Electrical Engineering Professor: “Germany Urgently Needs An Energy Strategy Change”

The transition to green energies cannot work – a change of strategy is urgently needed

By Prof. Alwin Burgholte
(Translated, edited by P. Gosselin)

A secure power supply is the prerequisite for health, prosperity and work worldwide. An everyday life without electricity is unimaginable, would cause enormous costs, and there would be many deaths. The most important aspect of power supply is the power (in kW) secured in every second, which has been guaranteed by conventional nuclear, coal and natural gas power plants so far. Summed up energy yields (in kWh) over weeks, months or a whole year say nothing about supply quality.

Renewable energy producers are hydroelectric and biogas power plants, geothermal energy and, above all, wind and solar plants, all of which have been subsidized under the Renewable Energy Sources Act (EEG) for 20 years with a fixed feed-in tariff and whose output has to be fed into the grid as a matter of priority.

However, wind and solar plants can only generate power depending on the weather. Without wind and solar, no power is available. Low and fluctuating wind and solar supplies must be augmented accordingly by storage or regulated power plants. Also, wind and solar plants cannot build their own 50 Hz grid. Approx. 25% to 35% of the required power must be supplied by conventional power plants as minimum power, regardless of how large the power supply of the regenerative plants is. [1].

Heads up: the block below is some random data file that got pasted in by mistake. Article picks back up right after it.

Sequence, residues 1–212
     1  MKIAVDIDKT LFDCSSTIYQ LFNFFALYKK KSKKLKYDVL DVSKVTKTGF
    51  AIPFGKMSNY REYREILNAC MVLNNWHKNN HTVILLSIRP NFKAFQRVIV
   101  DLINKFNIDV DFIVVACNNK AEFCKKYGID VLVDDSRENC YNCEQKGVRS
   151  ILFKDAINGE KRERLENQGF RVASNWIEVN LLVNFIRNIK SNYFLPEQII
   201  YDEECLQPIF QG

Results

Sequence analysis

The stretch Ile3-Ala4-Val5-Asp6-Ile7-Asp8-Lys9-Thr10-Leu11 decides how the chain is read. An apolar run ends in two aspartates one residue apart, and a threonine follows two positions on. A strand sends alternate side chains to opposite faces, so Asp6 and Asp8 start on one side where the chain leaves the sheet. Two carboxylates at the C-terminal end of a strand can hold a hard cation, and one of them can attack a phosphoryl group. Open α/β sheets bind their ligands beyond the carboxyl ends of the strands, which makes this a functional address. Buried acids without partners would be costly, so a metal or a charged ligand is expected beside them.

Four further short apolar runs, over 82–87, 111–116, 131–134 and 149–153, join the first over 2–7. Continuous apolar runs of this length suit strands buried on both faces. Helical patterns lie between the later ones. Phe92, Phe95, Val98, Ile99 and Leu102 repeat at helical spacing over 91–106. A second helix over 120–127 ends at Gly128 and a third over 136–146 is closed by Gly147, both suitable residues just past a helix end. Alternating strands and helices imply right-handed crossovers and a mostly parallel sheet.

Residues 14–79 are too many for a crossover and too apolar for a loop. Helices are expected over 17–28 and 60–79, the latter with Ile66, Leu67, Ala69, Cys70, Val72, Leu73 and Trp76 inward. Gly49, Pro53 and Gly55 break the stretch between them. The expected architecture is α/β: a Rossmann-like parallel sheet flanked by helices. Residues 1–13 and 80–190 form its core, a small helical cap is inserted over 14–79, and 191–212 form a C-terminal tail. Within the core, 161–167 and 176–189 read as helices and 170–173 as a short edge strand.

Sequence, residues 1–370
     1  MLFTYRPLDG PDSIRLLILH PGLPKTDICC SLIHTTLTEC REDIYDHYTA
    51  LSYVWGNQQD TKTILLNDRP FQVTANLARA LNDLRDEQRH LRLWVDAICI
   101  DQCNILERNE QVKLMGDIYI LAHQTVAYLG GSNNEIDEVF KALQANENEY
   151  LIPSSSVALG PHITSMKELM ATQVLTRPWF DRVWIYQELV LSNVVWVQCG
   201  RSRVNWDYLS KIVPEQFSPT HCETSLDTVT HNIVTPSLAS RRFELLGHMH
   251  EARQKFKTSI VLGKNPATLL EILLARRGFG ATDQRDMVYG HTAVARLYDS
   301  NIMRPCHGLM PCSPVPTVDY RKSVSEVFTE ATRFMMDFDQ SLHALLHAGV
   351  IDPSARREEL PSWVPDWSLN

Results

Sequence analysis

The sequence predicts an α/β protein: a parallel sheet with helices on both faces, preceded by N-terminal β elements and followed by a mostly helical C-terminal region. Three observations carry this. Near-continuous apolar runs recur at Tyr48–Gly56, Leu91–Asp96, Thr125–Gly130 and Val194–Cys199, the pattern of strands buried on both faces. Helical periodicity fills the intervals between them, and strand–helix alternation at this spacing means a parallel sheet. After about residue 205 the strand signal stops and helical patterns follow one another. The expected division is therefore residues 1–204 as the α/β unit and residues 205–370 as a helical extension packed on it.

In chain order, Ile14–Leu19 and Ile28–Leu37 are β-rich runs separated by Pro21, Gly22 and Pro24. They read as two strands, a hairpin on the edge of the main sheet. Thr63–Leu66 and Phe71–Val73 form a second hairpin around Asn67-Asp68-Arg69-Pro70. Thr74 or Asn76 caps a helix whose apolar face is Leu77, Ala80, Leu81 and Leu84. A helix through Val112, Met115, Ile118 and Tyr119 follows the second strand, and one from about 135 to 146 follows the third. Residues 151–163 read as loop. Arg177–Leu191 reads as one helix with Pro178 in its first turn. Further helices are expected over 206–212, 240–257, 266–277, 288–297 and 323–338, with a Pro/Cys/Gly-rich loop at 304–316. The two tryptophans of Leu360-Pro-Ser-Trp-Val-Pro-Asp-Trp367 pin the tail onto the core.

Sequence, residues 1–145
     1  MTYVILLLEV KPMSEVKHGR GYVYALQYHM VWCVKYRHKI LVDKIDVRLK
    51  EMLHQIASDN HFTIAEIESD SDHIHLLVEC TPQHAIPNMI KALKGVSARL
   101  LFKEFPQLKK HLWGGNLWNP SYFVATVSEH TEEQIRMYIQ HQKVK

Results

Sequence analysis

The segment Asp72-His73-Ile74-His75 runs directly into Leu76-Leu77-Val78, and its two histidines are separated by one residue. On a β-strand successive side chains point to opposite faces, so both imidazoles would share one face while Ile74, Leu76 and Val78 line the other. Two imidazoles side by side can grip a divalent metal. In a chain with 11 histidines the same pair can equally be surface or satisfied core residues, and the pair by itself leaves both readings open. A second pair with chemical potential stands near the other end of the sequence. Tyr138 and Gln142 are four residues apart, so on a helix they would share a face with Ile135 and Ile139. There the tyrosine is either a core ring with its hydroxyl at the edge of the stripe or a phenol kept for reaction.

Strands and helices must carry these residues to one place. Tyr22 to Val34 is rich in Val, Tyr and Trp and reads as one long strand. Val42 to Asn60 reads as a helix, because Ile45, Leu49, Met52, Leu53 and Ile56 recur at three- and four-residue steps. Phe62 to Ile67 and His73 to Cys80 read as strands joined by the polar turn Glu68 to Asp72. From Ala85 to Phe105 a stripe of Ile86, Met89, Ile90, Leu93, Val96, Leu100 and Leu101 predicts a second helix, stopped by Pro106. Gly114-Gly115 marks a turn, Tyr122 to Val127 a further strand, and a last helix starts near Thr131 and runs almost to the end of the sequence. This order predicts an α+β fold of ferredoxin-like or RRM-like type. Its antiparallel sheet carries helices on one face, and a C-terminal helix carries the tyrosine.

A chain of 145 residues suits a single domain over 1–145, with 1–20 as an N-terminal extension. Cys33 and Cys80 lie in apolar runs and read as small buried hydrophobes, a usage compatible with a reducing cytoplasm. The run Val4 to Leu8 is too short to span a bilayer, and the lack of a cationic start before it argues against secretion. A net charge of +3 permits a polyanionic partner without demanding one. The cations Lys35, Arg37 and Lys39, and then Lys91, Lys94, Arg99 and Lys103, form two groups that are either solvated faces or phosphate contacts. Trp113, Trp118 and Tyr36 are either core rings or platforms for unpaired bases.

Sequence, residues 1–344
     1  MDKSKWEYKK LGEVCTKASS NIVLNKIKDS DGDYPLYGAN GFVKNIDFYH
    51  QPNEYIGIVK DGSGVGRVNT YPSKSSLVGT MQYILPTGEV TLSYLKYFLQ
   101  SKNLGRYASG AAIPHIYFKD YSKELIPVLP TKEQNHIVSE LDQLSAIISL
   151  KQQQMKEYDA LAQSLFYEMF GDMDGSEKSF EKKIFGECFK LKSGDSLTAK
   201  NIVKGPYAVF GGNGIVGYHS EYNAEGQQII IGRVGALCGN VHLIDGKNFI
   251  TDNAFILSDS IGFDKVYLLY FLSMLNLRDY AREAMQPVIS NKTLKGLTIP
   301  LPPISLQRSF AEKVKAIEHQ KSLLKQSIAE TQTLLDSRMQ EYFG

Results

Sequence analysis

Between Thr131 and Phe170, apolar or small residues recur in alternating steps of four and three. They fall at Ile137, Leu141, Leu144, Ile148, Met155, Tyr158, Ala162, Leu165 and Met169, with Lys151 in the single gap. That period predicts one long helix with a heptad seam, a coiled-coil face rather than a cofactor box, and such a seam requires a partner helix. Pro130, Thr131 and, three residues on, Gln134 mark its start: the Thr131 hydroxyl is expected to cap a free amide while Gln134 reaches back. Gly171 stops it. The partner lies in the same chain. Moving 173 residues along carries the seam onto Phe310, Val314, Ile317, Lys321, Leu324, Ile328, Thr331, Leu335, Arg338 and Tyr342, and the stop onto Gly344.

On July 5, 2020, in the period from 12:00 to 16:00, almost the entire power demand between 57 GW to 44 GW could be covered by renewable generators, only 5 GW were missing. The conventional power plants had to supply 15 GW, which corresponds to about 20% of the required power. This was the only way to ensure grid stability with this required minimum output (Lit.1, report page 57; minimum output 37%). The additional 10 GW were exported. Fig. 1 shows the power and electricity price ratios. [2].

Figure 1: Negative electricity prices through excess generation On July 5 and 6, 2020

“Ghost power”

Buyers were only found when additional money was paid for the purchase. The electricity price dropped to negative 65 €/MWh for 4 hours. This resulted in costs for 40 GWh x 65 €/MWh = 2.6 million euros, which the electricity consumers then had to help pay. It would have been cheaper to simply shut down wind farms. However, this is not permitted under the EEG feed in act, although even then the wind farm operator would receive the remuneration that would theoretically have been generated under the existing wind conditions. The term “ghost power” has become established for this. In the event of shutdown, electricity consumers would not have to pay the “disposal costs” of 2.86 million euros.